FIG. 3 is a chart showing the relationship between the gap area and repulsion resistance of a double-sided PSA sheet;

FIG. 4 is a SEM image showing a cross-section of the double-sided PSA sheet of Example 1;

FIG. 5 is a SEM image showing a cross-section of the double-sided PSA sheet of Example 2;

FIG. 6 is a SEM image showing a cross-section of the double-sided PSA sheet of Example 7;

FIG. 7 is a SEM image showing a cross-section of the double-sided PSA sheet of Example 9; and

FIG. 8 is a SEM image showing a cross-section of the double-sided PSA sheet of Example 10.

DETAILED DESCRIPTION OF THE PREFERRED EMBODIMENTS

Desirable embodiments of the present invention are explained below. Any matters which are necessary for implementing the present invention, but which are not particularly mentioned in these Specifications can be considered design matters for a person skilled in the art based on prior art in the technical field. The present invention can be implemented based on the content disclosed in these Specifications and on common knowledge in the technical field.

A double-sided PSA sheet (which may be a long tape or the like) produced by applying the method of the present invention may, for example, have the cross-sectional structure shown schematically in FIG. 1 or FIG. 2. The PSA sheet 11 shown in FIG. 1 is configured with PSA layers 2 on both sides of nonwoven fabric substrate 1, with these PSA layers 2 being each protected by a release liner 3, which has a release surface at least on the side contacting the PSA layer. The PSA sheet 12 shown in FIG. 2 is configured with PSA layers 2 on both sides of nonwoven fabric substrate 1, with one of these PSA layers being protected by a release liner 3, both surfaces of which are release surfaces. This kind of PSA sheet 12 is configured so that when PSA sheet 12 is rolled so as to bring the other PSA layer into contact with the back of release liner 3, the other PSA layer can also be protected by release liner 3. In FIGS. 1 and 2, the boundaries between PSA layers 2 and nonwoven fabric substrate 1 are shown as straight lines for ease of illustration, but in fact, the lower parts (on the side of nonwoven fabric substrate 1) of PSA layers 2 on both sides of nonwoven fabric substrate 1 actually impregnate nonwoven fabric substrate 1.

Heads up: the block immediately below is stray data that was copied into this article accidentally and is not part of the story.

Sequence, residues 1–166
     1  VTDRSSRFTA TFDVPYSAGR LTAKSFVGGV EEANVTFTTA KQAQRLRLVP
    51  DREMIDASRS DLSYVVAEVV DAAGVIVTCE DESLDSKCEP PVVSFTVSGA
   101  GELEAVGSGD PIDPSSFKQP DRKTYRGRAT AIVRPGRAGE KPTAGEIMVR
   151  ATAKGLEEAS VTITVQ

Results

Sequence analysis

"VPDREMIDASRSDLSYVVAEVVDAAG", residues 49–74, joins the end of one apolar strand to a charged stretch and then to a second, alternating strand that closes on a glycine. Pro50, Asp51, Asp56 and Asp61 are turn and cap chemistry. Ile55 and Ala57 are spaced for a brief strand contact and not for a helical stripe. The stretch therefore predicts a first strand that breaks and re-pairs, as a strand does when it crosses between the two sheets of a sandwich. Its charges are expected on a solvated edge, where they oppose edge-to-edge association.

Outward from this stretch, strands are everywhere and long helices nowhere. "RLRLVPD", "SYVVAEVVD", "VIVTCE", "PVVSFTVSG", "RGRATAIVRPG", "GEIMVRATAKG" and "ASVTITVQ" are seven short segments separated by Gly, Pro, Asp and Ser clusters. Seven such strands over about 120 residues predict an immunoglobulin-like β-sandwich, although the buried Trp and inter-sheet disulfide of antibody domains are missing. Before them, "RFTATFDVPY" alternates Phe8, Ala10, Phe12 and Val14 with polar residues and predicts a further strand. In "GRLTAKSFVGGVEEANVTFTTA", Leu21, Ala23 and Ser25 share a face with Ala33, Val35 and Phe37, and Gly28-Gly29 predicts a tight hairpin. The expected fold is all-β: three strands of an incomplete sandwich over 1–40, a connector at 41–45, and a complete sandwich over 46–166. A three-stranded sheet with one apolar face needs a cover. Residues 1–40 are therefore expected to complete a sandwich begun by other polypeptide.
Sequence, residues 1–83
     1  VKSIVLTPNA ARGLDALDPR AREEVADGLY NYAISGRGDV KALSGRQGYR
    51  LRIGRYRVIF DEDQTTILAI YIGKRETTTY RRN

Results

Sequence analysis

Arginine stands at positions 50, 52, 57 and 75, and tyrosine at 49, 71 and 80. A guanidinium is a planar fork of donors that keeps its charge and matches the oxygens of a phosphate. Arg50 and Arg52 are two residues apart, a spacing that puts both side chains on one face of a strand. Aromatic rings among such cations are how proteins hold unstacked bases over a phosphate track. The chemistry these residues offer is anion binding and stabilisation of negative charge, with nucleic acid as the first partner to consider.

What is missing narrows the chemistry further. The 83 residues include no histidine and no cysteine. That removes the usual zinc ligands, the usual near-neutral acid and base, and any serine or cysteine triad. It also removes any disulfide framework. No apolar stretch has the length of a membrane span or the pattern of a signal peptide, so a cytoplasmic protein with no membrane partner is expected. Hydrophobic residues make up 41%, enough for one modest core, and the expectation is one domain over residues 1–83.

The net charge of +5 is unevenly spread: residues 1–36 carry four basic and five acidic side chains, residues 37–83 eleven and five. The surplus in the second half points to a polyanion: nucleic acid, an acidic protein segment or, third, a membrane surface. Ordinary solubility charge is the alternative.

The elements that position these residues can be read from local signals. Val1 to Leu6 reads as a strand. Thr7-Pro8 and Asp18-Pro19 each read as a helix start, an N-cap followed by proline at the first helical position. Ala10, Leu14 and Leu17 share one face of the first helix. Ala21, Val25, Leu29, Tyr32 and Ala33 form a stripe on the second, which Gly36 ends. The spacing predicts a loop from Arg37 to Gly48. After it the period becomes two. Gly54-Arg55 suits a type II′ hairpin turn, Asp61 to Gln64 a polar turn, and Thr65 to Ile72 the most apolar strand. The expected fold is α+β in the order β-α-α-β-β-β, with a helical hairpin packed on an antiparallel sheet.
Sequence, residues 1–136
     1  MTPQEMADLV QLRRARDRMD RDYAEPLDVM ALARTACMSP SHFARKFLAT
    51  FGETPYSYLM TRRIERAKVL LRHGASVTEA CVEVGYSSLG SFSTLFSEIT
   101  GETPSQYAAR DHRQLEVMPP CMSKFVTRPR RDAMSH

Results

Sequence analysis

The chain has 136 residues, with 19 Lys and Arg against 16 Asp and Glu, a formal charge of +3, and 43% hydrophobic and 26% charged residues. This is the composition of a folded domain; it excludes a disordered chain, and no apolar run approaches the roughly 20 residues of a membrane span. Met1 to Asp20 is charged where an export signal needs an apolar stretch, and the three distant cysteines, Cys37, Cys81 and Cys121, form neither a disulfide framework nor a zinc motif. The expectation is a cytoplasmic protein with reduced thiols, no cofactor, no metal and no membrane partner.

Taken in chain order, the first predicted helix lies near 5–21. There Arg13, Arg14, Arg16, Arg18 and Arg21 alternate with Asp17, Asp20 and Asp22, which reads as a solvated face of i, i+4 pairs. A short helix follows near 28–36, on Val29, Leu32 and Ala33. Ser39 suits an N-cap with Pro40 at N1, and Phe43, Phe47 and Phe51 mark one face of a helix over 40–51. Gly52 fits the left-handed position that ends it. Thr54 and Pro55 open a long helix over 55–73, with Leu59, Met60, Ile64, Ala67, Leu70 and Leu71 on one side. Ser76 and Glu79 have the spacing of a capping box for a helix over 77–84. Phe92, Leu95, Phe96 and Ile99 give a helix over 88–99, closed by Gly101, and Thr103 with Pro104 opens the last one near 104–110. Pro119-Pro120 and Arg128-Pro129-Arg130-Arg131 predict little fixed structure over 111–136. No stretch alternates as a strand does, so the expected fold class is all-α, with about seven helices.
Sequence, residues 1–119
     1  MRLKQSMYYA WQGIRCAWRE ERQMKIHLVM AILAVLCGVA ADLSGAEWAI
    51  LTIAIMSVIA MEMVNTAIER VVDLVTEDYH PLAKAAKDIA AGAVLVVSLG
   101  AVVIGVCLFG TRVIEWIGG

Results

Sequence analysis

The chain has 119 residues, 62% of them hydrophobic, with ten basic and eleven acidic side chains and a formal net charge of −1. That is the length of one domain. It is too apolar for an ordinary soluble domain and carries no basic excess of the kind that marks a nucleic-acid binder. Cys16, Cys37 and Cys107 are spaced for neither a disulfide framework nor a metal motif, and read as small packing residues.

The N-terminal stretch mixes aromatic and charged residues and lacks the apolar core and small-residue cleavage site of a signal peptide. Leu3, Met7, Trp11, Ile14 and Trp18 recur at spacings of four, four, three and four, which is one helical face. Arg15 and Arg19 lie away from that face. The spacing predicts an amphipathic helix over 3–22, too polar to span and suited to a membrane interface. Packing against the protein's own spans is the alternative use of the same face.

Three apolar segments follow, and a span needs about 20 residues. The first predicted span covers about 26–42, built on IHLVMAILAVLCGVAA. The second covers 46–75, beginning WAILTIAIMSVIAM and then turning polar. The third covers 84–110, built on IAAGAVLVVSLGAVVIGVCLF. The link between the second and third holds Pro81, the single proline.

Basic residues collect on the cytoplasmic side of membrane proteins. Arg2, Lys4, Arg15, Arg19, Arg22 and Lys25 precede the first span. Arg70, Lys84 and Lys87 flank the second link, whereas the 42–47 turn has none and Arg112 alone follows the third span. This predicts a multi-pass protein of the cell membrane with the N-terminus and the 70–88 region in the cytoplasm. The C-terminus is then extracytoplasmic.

The method disclosed here for producing a double-sided PSA sheet is one using an aqueous dispersion-type (typically emulsion-type) PSA composition, wherein PSA layers (shown as 2 in FIGS. 1 and 2) formed from this composition are provided impregnating a nonwoven fabric substrate (shown as 1) so as to achieve a gap area of about 500 μm2/400 μm or less. Preferably, the PSA layers are formed so that the gap area is about 250 μm2/400 μm or less (or more preferably about 100 μm2/400 μm or less). There is no lower limit on the gap area. Normally, it is appropriate to set the gap area as low as possible after considering the balance with properties other than repulsion resistance (strength of double-sided PSA tape, adhesive performance other than repulsion resistance, etc.) as well as material costs, productivity and the like.

The “gap area” here means, in a cross-section cut in the direction of thickness of a double-sided PSA sheet (vertical cross-section) along a cutting plane perpendicular to the machine direction (MD direction, typically the lengthwise direction of the sheet) of the nonwoven fabric substrate making up the double-sided PSA sheet, the area of gaps (open areas in the cross-section) observed per 400 μm of the length of the cross-section (typically measured along with the width direction of the nonwoven fabric substrate). This gap area can be analyzed from a scanning electron microscopy (SEM) image of the cross-section at a magnification of 100× to 1000× (300× for example). The SEM sample can be prepared by ordinary methods, and for example the preparation methods described in the examples below (methods for evaluating substrate impregnation) can be employed by preference. The same applies to the SEM settings (measurement conditions) and methods for analyzing the SEM image. Preferably, the gap area is obtained for at least three (more preferably 5 or more, such as 5 to 10) different cross-sections at different cutting positions in the machine direction of the nonwoven fabric substrate, and the average of those values is used.

The types of PSA composition and nonwoven fabric substrate used (production method, composition, properties, etc.), the specific method of forming the PSA layers and the like are not particularly limited as long as such gap area is achieved.

For the nonwoven fabric substrate, for example, a nonwoven fabric substrate that is well-known and widely used in the field of double-sided PSA sheets, or another nonwoven fabric substrate, can be selected and used as appropriate as long as it allows PSA layers to be formed from an aqueous dispersion-type PSA composition with the specified gap area. A nonwoven fabric substrate composed of natural fiber such as wood fiber, cotton, manila hemp or the like; a nonwoven fabric substrate composed of a chemical fiber such as rayon, acetate fiber, polyester fiber, polyvinyl alcohol (PVA) fiber, polyamide fiber, polyolefin fiber, polyurethane fiber or the like; or a nonwoven fabric substrate composed of two or more fibers of different materials used together or the like can be used. A nonwoven fabric substrate impregnated with viscose, PVA, polyacrylamide or another resin (binder) may also be used. A more desirable example of a nonwoven fabric in the present invention is a nonwoven fabric substrate formed using viscose-treated fibers, or a nonwoven fabric substrate that has been viscose treated after formation of the nonwoven fabric (viscose rayon impregnation treatment).